SCHOOLS CRICKET 2008
REVIEW BY DOUGLAS HENDERSON
(Note: this is DCH’s original version, not the edited printed one)
A very striking feature of the statistics is the number of boys who feature highly in the bowling averages table but who bowled very few overs in the season. In many cases, this was because younger players (14-year-old leg-spinners particularly) were brought in during the wretchedly long exam season, often playing against similarly weakened opposition. However, not always. Poor Joe Whitehead, fourth in the table, started very well but got the yips and didn?t bowl afterwards. It is strange how often this happens. A well-known ex-County player I know came up to bowl his lively medium-pace and hit the square-leg umpire; he never bowled medium-pace again. Nevertheless, it is a remarkable achievement to have a bowling average of under 10, in any circumstances, and no fewer than 22 bowlers managed that.
In other cases it was because outstanding players were playinhg for County Academies or even 2nd XIs, and this applied also to batsmen. There is a wide descrepancy? in different counties, some schools feeling aggrieved that their best players are being demanded by academies during term-time and others having a very amicable relationship. There is no doubt that playing at a higher level develops individuals as cricketers, but it is rather hard on schools who have done so much to nurture young talent. It is an area which David Graveney (with overall charge of Academies etc) is now looking at.
Another remarkable feature is the discrepancy in the number of fixtures played. The figures do not include knockout competitions or tours; simply routine term-time fixtures. Yet Bancroft?s managed an astonishing 29 fixtures (winning 23 of them), Stowe 28 and ten others 20 or more. At the other end, 15 schools played fewer than ten fixtures. In the Seventies and Eighties, virtually every cricketing school was part of an after-term festival, introduced to combat the change to earlier exam dates. Some survive, and a new one was introduced this year involving Brighton, Oakham Wellington and Sedbergh, but many have folded. This was usually because term dates were different, and many schools began to find it hard to retain their best players after the end of term.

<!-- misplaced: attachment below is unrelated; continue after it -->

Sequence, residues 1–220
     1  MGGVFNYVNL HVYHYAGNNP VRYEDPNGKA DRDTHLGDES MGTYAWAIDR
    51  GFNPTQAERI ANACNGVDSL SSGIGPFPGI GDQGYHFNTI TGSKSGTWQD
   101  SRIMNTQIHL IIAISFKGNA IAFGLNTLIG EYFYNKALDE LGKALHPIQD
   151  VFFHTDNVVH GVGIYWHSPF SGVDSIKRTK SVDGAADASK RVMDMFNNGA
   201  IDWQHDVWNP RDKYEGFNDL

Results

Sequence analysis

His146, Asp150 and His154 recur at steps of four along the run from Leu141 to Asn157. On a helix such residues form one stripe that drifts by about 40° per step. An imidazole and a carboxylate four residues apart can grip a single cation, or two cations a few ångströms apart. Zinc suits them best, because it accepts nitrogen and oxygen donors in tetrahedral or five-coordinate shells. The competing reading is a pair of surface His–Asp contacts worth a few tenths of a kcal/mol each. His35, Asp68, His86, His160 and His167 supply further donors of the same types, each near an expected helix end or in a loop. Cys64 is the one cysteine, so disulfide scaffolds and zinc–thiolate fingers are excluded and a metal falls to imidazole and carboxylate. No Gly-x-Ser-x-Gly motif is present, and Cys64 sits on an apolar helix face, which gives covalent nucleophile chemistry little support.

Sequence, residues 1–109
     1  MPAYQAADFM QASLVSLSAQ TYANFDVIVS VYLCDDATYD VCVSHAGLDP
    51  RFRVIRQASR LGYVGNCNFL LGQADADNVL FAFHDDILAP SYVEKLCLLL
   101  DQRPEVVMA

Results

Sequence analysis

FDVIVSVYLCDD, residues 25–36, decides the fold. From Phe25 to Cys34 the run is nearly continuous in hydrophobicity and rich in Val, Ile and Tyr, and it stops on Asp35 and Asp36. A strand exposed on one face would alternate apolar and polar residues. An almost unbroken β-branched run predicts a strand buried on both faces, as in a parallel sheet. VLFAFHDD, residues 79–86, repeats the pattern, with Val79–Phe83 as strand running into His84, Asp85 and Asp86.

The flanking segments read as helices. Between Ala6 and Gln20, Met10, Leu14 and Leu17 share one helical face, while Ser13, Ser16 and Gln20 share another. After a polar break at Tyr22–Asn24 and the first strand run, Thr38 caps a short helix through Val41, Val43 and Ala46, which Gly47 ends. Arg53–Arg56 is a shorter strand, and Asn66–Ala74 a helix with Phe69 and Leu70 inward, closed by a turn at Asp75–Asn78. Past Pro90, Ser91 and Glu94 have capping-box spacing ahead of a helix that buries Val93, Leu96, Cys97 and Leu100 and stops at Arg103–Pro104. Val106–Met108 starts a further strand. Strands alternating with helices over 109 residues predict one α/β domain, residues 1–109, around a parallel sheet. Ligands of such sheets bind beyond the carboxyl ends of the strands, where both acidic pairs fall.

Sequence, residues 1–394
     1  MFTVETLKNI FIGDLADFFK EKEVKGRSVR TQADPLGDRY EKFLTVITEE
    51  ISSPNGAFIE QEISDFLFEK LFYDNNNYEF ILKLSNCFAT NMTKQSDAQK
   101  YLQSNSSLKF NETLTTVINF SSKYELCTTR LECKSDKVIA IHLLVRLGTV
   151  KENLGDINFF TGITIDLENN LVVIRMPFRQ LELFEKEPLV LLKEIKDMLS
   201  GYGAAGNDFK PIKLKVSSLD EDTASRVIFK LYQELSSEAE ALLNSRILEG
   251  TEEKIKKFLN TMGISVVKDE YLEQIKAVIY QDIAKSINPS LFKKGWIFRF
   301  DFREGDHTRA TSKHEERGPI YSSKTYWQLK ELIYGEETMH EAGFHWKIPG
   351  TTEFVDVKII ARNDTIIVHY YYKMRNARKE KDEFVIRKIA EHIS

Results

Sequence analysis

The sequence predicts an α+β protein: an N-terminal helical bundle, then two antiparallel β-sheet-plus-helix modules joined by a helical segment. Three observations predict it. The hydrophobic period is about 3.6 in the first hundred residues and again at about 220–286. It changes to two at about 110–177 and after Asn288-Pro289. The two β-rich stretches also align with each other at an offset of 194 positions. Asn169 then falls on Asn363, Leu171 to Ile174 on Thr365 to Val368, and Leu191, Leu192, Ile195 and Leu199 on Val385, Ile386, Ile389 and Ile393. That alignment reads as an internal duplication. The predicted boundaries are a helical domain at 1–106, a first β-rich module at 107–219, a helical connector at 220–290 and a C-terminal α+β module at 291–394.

A relatively fresh development has been the introduction of cricket weeks, in the quiet days of the post-exam period but before the end of term. This may be the way forward for schools with a limited fixture list.
No review would be complete without a meteorological summary. Unlike 2007 with its glorious April and May and horrendous June and early July (that is, the school cricket season), 2008 was neither good nor bad in most parts. Some schools abandoned up to seven matches because of rain, but the vast majority played most of their arranged fixtures.
The table of outstanding seasons has changed in the last five years. Something like 80% of all school matches now follow a limited-overs format (usually 50). In my view, a serious error. You can?t claim to be teaching boys (and girls) how to play the game unless they learn how to play every form of the game, but most especially ?proper? cricket. With the unstoppable movement towards Twenty/20 games in the professional sphere, which is good for the cash but bad for the development of players, it is tempting to some to think that this is the way forward for schools. It would gladden the heart of many a Head and Director of Studies if school cricket matches lasted only three hours rather than all day. Indeed there was a proposal from HMC Heads in the 1970s that all school matches should be 28 overs, and this daft idea was only narrowly defeated.
There is a serious flaw in the logic. You can?t be a good player of 20-over slog matches unless you first learn how to play properly, and that means learning to bat for several hours if necessary. It also means learning how to bowl people out. The best way to stop good players from scoring runs is to get them out before they do so, not just bowl boringly and negatively with fieldsmen scattered round the boundary. This latter fear was articulated as long ago as 1943 by a committee looking into the revival of cricket once the war ended. There is now a feeling in professional circles ? articulated by Kevin Pietersen – that the 50-over match has had its day, just when it has recently been adopted by most schools.